The Board of Carroll County Commissioners has postponed a scheduled Thursday discussion on the recently enacted six-month solar moratorium to allow them more time to consider next steps in the process.
On March 9, commissioners unanimously approved a six-month moratorium on reviewing, processing and permitting community solar facilities on property zoned for agriculture.
Christopher Heyn, the county’s director of the Department of Land and Resource Management, said then that he planned to discuss potential changes to the county code on community solar facilities at the commissioners’ next meeting, March 16.
Commissioners have now moved that discussion to March 23.
Once commissioners are finished, their proposals would go to the county’s Planning & Zoning Commission for its review and recommendations.
“Having just made the decision less than a week ago, the commissioners want to take some time to consider what they have heard over the last few weeks and thoughtfully consider individually how to direct staff on how to proceed before having a joint discussion,” Chris Winebrenner, the county government’s communications manager, said in an email.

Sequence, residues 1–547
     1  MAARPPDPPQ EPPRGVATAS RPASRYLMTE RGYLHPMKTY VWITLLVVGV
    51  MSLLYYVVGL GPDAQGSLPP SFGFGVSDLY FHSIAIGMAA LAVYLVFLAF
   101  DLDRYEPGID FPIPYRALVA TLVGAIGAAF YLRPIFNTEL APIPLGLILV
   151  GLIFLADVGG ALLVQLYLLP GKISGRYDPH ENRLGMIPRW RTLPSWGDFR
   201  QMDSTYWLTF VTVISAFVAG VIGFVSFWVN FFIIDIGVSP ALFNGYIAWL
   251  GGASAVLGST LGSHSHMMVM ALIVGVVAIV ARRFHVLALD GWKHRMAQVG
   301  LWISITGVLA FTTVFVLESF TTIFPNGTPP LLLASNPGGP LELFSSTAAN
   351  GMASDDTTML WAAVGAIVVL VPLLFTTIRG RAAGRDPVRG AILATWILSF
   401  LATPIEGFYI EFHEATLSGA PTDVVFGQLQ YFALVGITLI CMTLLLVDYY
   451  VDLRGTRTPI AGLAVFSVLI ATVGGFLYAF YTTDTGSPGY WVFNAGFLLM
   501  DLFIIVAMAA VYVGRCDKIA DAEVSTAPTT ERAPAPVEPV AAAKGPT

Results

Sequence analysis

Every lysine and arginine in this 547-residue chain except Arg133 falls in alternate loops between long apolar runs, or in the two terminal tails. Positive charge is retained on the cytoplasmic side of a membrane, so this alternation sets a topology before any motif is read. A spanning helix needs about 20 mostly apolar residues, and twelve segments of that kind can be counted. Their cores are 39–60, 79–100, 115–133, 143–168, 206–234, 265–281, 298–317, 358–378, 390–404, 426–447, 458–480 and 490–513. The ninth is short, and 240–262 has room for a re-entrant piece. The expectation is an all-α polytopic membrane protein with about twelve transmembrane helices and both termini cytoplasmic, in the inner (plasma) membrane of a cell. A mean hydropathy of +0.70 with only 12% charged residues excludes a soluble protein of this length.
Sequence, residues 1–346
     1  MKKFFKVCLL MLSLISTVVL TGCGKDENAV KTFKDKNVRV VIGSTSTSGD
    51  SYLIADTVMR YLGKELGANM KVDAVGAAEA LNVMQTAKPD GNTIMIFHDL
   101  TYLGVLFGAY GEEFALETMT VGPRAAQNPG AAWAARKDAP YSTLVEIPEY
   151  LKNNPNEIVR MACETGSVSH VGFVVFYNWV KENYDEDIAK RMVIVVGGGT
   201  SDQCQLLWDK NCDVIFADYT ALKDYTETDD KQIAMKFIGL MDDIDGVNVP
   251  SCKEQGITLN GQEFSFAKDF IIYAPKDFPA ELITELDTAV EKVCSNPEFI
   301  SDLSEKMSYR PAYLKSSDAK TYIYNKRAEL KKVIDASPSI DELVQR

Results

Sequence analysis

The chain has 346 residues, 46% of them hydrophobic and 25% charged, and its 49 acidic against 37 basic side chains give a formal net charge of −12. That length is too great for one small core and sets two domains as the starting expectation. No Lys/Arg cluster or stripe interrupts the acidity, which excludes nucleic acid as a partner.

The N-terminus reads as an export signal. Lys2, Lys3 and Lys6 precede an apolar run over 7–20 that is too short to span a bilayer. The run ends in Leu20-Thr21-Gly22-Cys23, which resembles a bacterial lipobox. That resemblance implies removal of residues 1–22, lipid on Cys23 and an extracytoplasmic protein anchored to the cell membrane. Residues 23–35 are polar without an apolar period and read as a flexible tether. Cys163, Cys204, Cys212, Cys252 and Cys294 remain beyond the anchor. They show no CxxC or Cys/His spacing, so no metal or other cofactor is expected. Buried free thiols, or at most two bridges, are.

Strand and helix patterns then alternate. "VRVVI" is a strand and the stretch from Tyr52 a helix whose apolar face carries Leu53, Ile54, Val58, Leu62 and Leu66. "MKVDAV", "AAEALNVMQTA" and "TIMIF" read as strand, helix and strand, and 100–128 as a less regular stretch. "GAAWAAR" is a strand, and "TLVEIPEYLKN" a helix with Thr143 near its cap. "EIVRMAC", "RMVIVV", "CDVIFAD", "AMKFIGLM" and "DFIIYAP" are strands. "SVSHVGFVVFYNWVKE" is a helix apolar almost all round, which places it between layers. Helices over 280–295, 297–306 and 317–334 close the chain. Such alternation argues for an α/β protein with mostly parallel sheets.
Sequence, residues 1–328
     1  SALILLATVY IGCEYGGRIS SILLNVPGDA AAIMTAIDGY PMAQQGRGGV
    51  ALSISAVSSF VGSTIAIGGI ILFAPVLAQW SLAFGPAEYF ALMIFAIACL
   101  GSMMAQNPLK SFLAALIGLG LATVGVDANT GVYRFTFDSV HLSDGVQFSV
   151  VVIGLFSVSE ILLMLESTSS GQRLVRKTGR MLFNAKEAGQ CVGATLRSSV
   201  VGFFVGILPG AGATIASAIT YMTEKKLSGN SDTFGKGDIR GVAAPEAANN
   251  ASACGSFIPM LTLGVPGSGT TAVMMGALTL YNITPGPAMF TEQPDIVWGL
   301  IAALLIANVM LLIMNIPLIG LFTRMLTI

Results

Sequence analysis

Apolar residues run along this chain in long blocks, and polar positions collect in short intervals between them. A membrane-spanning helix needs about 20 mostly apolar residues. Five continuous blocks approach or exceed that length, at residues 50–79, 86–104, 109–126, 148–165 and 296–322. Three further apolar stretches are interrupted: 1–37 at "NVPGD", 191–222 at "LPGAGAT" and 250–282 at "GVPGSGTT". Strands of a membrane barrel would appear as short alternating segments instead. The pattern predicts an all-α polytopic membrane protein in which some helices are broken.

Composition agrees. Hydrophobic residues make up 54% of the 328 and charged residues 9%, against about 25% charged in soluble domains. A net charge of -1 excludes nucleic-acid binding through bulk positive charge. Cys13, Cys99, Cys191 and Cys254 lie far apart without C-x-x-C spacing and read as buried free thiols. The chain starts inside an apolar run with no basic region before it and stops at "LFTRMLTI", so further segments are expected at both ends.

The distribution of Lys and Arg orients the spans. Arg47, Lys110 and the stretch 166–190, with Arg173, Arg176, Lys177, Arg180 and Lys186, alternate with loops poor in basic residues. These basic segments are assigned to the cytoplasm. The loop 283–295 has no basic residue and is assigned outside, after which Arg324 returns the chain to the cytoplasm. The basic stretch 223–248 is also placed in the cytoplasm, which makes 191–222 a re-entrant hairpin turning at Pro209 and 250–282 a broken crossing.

The county sent out a news release announcing the change Monday.
For months, commissioners have held public meetings during which many concerned residents spoke out for and against the moratorium.
In 2021, commissioners adopted a Community Solar Zoning Text Amendment to the county’s solar code that allowed solar energy farms on certain portions of land zoned agricultural. According to the current code, the solar panels can only be placed on 20 acres of those parcels. After the community solar panels are constructed, the remaining property goes into a permanent conservation district to prevent expansion of the solar facility.
In January, after hearing concerns about the code update from residents who live near the proposed solar farms, commissioners asked staff to draft a proposed ordinance that would halt processing and permitting of these solar facilities for six months, so officials can decide what in the code needs to be changed.
There are currently seven solar projects planned in the county, but none have been constructed.
A previous version of this story incorrectly stated that the six-month moratorium on reviewing, processing and permitting community solar facilities was only for county-owned property.